The new beauty bar buzz

Liquid formulations for skin and hair are being reimagined as eco-chic bars and sticks

Scrubd Lemongrass & Lime Soap Block, £17

 While creams, gels, serums, mists, foams and all manner of liquid products may still be the familiar bathroom cabinet staples, the beauty industry has been busy concocting a more solid plan for the future. A new generation of potent bar and stick formulations is coming up, and it seems to be meeting modern desires head-on. 

These practical, often multitasking, solid products not only streamline the beauty routine, they fit nimbly into gym bags, weekenders and carry-ons. They tend to require fewer preservatives – better for your skin – and come with a conscience too: a commitment to reducing water wastage and plastic packaging. 

Milk Makeup Hydrating Face Mask, £21, from cultbeauty.co.uk

“Stick cosmetics took the spotlight last year,” says Sarirah Hamid, founder of the beauty trend forecasting consultancy Pretty Analytics. “Since then, we’ve seen an influx of solid formulations for both skin and hair and, alongside it, a reignited appreciation for soap bars.” 

The joint benefits of being environmentally conscious and time- and travel-friendly certainly chime with current attitudes. According to research by the market insight agency Mintel, 48 per cent of adults in the UK want their beauty routines to be quick – and nearly a quarter demand that they have minimal environmental impact. 

In the past, solid meant simple, and not necessarily in a good way. But today it doesn’t mean compromising on results – or longevity. “Stick formulations can actually last longer,” explains Roshida Khanom, Mintel’s associate director of beauty and personal care. “They’re often more concentrated and only need a small amount of water to be activated, which gives them an increased shelf life.”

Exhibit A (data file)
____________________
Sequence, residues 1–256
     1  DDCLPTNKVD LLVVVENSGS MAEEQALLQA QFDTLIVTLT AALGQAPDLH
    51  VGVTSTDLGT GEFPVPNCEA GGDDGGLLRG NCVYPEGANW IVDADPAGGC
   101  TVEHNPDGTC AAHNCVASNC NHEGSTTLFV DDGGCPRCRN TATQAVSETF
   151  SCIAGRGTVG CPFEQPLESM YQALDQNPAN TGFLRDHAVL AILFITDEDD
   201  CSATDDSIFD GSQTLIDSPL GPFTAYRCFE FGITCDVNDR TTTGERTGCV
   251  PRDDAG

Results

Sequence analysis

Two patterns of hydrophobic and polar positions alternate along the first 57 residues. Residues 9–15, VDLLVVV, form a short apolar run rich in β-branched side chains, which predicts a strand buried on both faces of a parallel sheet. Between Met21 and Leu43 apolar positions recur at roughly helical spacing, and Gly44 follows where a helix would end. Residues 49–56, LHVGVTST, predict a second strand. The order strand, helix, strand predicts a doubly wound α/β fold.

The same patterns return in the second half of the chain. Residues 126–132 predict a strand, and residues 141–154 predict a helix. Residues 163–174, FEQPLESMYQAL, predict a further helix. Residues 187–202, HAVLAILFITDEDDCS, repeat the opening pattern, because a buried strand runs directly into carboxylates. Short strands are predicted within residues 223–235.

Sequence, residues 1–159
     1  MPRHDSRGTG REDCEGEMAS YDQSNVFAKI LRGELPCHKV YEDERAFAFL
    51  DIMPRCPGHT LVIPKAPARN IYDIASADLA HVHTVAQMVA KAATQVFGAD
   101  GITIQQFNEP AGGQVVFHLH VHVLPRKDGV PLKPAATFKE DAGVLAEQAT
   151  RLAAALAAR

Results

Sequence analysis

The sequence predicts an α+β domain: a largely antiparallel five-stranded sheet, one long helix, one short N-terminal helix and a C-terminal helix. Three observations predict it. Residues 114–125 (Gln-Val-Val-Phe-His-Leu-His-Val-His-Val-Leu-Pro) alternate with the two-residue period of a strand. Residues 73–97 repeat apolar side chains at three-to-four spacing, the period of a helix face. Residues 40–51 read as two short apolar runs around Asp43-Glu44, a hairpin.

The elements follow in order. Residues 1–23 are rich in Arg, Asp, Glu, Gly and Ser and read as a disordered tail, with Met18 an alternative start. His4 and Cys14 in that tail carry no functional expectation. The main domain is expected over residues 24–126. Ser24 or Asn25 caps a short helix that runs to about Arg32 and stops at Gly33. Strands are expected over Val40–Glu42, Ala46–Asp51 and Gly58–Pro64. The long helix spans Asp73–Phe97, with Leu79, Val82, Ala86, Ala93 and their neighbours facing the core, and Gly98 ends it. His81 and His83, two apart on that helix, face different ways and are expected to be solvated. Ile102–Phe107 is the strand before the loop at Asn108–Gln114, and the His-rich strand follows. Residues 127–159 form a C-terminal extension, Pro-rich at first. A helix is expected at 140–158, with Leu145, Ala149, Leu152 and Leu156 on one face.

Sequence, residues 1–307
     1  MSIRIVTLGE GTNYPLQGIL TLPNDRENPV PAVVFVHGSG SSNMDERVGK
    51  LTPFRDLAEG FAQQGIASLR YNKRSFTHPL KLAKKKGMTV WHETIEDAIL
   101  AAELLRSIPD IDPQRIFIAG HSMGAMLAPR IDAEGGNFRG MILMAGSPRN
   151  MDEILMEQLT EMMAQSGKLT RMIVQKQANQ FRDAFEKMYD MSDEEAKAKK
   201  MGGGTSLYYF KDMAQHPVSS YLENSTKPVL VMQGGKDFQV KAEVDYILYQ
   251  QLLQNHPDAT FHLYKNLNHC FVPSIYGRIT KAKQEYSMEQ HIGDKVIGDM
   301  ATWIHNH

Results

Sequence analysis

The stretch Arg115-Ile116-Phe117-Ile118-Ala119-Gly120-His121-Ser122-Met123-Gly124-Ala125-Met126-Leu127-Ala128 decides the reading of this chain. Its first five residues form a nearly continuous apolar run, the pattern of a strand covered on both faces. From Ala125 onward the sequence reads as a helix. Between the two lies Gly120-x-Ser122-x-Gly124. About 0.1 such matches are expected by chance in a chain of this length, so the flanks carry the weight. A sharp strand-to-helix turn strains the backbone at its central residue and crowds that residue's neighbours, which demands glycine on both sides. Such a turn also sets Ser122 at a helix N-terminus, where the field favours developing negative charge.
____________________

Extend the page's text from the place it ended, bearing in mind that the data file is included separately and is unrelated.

Like so many recent beauty trends, the solid-formulation movement originated in South Korea, before being adopted by forward-thinking US brands such as We Are Wild. Founded by anthropologist and epidemiologist Sally R Kim, the all-solid beauty line is produced in Korea and based in Oregon. With the tag line “recreation skincare”, Kim reflected her desire for products that work with an active lifestyle, tackling the inflammation and dryness she experienced as a result of being outdoors.

We Are Wild Solid Water probiotic toner, $24

“In terms of efficacy and potency, solid products really do stack up when compared to liquid formulations,” says Kim. “Solid products are less likely to change their chemical nature or ingredient stability, whereas the form of liquids can alter rapidly – especially if they’re in contact with other substances such as moisture from wet fingers. 

“Solid skincare can also be more sanitary,” she adds. “Applying liquids requires the use of fingers or a tool, which means you can lose some of the product and transfer bacteria to the skin.”

The hero of Kim’s collection, the antioxidant- and probiotic-packed Solid Water toner, is designed to work like a hydrating, cooling mist – reimagined in stick form. It can be used before applying make-up or to refresh it, and comes in sleek, minimal packaging that can be slipped into even the smallest of bags. 

No mess, no fuss is also the mantra of high-end “beautility” brand Milk Makeup. Its bestselling Hydrating Face Mask capitalises on this year’s trend for CBD products and contains exfoliating kaolin oil, hydrating plant oils and soothing aloe in a concentrated mask stick. Swipe it on two or three times a week – wherever, whenever – and the hands-free ease of applying what would otherwise be a messy mask is an awakening to say the least. 

Herbivore Botanicals Bamboo Charcoal cleansing bar, £10, from spacenk.com

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